We must be careful that we do not judge others on the basis of their material riches or lack thereof. Some godly people are blessed with material riches, others may experience poverty. It is very much part of Christian doctrine and practice that those who are blessed should use their blessings to assist those who are in need and to further the expansion of God’s kingdom through the work of the church. My own ancestry includes a forebear who established a series of alms houses in England and traditionally it has been Christian culture which has established charities to assist the poor. In the Biblical book of Proverbs there are many verses concerning acting fairly in business practices. In the book of Ezekiel, the city of Sodom is berated, not for its sexual immorality, but its lack of concern for the poor:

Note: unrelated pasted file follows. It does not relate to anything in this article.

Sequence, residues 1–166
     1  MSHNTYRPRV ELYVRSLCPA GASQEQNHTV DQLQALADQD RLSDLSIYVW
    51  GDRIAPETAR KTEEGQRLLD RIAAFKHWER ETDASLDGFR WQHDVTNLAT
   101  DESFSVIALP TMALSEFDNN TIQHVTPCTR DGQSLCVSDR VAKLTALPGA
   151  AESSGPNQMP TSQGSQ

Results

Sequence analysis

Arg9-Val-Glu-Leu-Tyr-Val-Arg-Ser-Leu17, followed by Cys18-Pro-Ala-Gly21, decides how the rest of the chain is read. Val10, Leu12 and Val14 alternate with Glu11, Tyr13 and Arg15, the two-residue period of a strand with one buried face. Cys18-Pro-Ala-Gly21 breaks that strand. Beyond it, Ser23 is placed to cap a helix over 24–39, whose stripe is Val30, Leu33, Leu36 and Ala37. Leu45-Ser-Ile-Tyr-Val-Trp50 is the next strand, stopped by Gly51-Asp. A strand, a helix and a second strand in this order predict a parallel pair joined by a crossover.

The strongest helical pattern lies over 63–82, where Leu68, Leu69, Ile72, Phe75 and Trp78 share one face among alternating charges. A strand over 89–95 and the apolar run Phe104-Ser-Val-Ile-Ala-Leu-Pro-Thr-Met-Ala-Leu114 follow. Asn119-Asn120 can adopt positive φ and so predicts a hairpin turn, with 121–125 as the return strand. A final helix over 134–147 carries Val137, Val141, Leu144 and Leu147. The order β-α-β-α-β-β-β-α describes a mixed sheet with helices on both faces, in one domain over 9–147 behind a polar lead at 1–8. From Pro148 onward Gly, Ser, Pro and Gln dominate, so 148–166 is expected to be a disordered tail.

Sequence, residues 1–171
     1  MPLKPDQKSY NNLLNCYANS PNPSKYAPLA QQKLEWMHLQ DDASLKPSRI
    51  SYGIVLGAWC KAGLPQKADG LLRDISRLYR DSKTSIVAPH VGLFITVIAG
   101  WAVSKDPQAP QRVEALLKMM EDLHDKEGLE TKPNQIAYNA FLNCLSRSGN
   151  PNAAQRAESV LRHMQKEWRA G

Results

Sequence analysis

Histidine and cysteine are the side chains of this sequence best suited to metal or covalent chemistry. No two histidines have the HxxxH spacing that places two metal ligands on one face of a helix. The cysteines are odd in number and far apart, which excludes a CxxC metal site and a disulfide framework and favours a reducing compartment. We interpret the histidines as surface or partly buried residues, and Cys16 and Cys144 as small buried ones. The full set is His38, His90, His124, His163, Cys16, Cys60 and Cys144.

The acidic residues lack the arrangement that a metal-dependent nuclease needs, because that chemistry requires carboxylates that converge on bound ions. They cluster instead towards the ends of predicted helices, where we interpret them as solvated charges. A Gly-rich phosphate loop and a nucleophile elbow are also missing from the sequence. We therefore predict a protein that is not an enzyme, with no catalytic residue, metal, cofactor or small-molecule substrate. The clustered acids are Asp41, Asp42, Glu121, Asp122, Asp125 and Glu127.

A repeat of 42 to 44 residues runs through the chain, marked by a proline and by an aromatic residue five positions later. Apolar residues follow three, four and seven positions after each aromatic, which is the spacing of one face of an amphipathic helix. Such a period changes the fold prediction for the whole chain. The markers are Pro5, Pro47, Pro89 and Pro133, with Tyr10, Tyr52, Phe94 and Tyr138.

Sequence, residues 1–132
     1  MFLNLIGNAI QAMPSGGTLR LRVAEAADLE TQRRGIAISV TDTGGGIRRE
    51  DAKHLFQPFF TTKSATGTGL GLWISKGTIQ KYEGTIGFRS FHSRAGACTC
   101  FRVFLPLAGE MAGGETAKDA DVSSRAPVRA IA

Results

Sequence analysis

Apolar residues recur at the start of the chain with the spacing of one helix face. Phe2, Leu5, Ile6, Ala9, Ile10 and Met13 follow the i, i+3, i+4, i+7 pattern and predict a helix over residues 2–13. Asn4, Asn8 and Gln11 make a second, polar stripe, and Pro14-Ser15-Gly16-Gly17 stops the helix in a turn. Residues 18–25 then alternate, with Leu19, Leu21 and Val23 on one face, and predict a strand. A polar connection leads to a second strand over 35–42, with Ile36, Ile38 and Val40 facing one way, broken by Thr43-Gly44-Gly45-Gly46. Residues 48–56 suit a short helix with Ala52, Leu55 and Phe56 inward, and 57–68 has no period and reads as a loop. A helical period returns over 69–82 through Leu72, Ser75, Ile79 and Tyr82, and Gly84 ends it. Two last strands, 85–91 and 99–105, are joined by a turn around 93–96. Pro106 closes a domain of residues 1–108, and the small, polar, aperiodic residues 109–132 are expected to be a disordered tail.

“Now this was the sin of your sister Sodom: She and her daughters were arrogant, overfed and unconcerned; they did not help the poor and needy.” (Ezekiel 16:49)
In my current employment, I work with those who might be considered physically poor- those with brains and bodies damaged and distorted, unable to walk or talk as others do. Yet I imagine that they are some of the most rich in spirit for they create a community of such love and care. In a world in which some would say that they should not have been allowed to survive at birth, they are people who enrich the lives of others in so many ways. I believe that they have a special place in the heart of God and as such deserve the best care and attention that they can be given.
In the book of Job, we see a very wealthy, God-fearing man who lost a great deal – his children, wealth and health, yet he maintained his relationship with God. He remained wealthy. When we have that relationship with God, He will be our source of well-being, no matter what the circumstances. As the apostle Paul wrote to the church in Philippi:
“I know what it is to be in need, and I know what it is to have plenty. I have learned the secret of being content in any and every situation, whether well fed or hungry, whether living in plenty or in want. I can do all this through him who gives me strength” (Philippians 4:12-13)